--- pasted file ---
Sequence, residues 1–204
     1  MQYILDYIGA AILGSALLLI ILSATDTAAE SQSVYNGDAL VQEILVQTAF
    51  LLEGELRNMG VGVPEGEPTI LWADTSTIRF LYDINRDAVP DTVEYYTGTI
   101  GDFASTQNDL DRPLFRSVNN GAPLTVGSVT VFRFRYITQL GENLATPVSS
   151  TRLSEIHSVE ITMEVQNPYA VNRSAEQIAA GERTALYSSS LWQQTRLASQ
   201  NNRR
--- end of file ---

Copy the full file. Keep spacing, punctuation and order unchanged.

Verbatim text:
Sequence, residues 1–204
     1  MQYILDYIGA AILGSALLLI ILSATDTAAE SQSVYNGDAL VQEILVQTAF
    51  LLEGELRNMG VGVPEGEPTI LWADTSTIRF LYDINRDAVP DTVEYYTGTI
   101  GDFASTQNDL DRPLFRSVNN GAPLTVGSVT VFRFRYITQL GENLATPVSS
   151  TRLSEIHSVE ITMEVQNPYA VNRSAEQIAA GERTALYSSS LWQQTRLASQ
   201  NNRR